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'Sno small savings from mild winter

March 05, 2002|BY DAN KULIN /Staff Writer

Hundreds of thousands of dollars that would have gone into plowing snow-covered streets, or salting and sanding icy roads have stayed in the coffers of governments throughout the Tri-State area thanks to relatively mild weather this winter.

In some areas the money saved will go toward additional road repairs or repaving.

So far, the City of Hagerstown has spent about $90,000 less on snow removal than it does in an average year.

The West Virginia Division of Highways spent at least $100,000 less battling winter weather in each of the three Eastern Panhandle counties than it did last winter.

In Pennsylvania, the state Department of Transportation has saved about $1 million on salt, sand and snow/ice melting chemicals in the eight-county highway maintenance district that includes Franklin County.

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Although the savings are significant now, some government officials said the money can't be spent elsewhere yet because we may not have seen the last snow storm of the season.

"We can't count our chickens before they hatch," Washington County Administrator Rodney Shoop said. "We still have a lot of snow weather ahead of us."

Washington County budgeted about $450,000 for snow removal this season, and so far has spent about $225,000, according to figures from the County Highway Department.

Unspent snow removal money would go back into the Highway Department budget, with some of it used for road repairs, Shoop said.

Hagerstown's Mayor and City Council would decide what to do with any unused city money, City Administrator Bruce Zimmerman said.

By the end of February, the city had spent about $130,000 on snow removal, equipment, and snow/ice melting materials, City Finance Director Al Martin said.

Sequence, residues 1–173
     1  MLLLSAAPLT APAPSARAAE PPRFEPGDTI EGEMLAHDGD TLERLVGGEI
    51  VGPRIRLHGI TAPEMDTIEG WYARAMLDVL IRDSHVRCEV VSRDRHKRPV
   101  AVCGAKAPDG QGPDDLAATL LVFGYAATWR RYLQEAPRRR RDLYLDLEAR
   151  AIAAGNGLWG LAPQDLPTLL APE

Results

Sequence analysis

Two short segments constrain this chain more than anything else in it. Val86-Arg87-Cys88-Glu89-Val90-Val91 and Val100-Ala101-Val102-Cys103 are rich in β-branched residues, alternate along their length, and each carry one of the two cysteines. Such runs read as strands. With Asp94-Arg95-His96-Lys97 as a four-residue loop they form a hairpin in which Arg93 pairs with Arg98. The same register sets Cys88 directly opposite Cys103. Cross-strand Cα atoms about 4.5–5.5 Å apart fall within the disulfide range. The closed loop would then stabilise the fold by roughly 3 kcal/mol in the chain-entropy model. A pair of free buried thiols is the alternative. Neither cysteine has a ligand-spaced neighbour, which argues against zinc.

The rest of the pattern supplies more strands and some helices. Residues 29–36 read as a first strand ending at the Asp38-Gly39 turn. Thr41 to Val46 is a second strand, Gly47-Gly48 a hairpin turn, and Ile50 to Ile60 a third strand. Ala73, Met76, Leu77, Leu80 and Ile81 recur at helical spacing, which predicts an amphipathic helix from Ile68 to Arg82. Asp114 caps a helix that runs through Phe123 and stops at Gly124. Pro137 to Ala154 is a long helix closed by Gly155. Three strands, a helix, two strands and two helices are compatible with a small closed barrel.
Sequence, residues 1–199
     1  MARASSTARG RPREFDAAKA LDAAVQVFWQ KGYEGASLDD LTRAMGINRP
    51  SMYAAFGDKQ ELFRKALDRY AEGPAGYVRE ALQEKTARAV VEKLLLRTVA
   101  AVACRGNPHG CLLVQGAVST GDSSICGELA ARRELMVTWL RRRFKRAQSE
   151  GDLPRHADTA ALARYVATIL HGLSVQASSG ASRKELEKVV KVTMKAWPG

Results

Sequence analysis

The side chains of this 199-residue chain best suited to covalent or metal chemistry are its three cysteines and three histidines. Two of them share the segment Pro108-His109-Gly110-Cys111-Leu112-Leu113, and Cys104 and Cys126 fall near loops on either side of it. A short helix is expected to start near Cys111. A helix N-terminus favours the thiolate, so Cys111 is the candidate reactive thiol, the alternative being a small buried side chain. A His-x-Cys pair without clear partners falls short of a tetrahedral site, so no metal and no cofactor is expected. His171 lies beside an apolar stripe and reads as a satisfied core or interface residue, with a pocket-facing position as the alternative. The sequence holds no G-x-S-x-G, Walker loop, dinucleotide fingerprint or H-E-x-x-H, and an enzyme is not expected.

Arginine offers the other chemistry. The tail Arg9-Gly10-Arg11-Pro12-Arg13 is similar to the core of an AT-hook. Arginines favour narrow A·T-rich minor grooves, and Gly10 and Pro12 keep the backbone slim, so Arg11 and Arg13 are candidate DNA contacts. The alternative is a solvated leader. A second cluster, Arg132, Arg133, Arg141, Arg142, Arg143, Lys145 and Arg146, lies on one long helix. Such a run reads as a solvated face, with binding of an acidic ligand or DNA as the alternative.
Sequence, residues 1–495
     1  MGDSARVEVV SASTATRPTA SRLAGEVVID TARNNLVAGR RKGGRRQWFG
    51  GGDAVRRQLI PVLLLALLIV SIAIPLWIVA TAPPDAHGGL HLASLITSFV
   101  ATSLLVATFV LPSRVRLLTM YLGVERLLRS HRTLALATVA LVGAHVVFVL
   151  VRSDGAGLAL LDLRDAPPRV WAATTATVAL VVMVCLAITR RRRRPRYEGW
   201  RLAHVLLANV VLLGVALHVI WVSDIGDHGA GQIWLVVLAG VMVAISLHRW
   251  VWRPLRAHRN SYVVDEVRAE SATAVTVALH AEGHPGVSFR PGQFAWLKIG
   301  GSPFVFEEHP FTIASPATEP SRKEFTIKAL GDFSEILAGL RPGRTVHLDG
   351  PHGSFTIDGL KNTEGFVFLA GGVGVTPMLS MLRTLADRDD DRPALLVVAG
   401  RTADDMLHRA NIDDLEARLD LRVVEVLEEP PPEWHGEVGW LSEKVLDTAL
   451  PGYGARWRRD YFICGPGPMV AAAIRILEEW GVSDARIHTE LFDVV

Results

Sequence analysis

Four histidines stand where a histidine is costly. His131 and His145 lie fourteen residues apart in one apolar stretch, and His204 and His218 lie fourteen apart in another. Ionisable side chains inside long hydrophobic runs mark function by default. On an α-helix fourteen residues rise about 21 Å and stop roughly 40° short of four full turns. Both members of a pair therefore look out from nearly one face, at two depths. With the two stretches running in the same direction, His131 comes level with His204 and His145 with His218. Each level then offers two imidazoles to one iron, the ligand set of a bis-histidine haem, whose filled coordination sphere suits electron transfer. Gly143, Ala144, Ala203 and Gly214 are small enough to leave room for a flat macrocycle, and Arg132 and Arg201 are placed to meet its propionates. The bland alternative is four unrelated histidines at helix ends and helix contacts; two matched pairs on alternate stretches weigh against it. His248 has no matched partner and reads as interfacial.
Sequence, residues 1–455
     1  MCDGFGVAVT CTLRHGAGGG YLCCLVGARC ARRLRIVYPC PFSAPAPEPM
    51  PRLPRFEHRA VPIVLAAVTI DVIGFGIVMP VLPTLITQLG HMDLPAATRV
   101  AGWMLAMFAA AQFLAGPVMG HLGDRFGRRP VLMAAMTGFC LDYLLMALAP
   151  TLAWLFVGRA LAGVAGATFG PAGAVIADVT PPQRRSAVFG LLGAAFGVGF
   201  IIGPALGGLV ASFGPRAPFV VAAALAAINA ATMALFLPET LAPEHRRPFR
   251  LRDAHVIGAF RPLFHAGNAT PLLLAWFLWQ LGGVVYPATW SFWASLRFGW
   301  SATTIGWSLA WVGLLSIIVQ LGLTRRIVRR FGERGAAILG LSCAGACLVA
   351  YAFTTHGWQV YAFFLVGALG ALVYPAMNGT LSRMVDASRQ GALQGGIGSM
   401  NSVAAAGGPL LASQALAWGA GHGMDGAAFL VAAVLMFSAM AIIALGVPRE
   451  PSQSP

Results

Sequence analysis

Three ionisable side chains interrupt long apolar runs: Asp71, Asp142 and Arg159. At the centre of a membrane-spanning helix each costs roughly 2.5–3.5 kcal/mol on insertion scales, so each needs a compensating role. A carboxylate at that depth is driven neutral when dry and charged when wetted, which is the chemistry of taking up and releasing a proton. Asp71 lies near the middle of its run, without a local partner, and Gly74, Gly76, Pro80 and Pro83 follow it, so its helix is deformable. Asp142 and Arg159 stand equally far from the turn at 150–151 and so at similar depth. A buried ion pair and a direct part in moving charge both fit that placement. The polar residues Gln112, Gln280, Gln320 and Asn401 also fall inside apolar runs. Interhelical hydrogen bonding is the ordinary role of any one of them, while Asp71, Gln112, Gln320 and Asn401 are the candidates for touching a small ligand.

A typical winter costs the city about $220,000, City Public Works Manager Eric Deike said.

Statewide, the West Virginia Division of Highways is more than $13 million under budget this winter, with substantial savings coming in Berkeley, Morgan and Jefferson counties, agency spokeswoman Carol Melling said.

Snow removal operations in each of the three counties have cost from $80,000 to $100,000 this winter, compared to last winter when the costs ranged from about $200,000 to $227,000, Melling said.

Carl Thompson, an agency engineer, said the savings will be used for road maintenance and repaving.

In Pennsylvania, the mild weather not only saved money on snow removal but also has allowed highway workers to get a jump on springtime cleanup and maintenance, State Department of Transportation spokesman Michael Crochunis said.

"Our guys are out there doing other things like brush cutting, picking up trash, pothole patching ... We're getting a jump on the spring," Crochunis said.

About $9.2 million was budgeted this year to pay for salt, sand and ice/snow melting chemicals for the eight-county district that includes Franklin County, he said.

So far, the department is about $1 million under budget on those items, he said.

All the savings can be attributed to a winter that has brought few snow storms to the area this year.

Hagerstown plows hit the streets for only two storms in January this winter, Deike said.

According to Hagerstown weather observer Greg Keefer's Web site, about 7 inches of snow fell in Hagerstown this winter, and almost all of it was in January.

Last winter, almost 23 inches of snow fell in Hagerstown, and the city saw more than 29 inches of snow during the 1999-2000 winter, according to Keefer's records.

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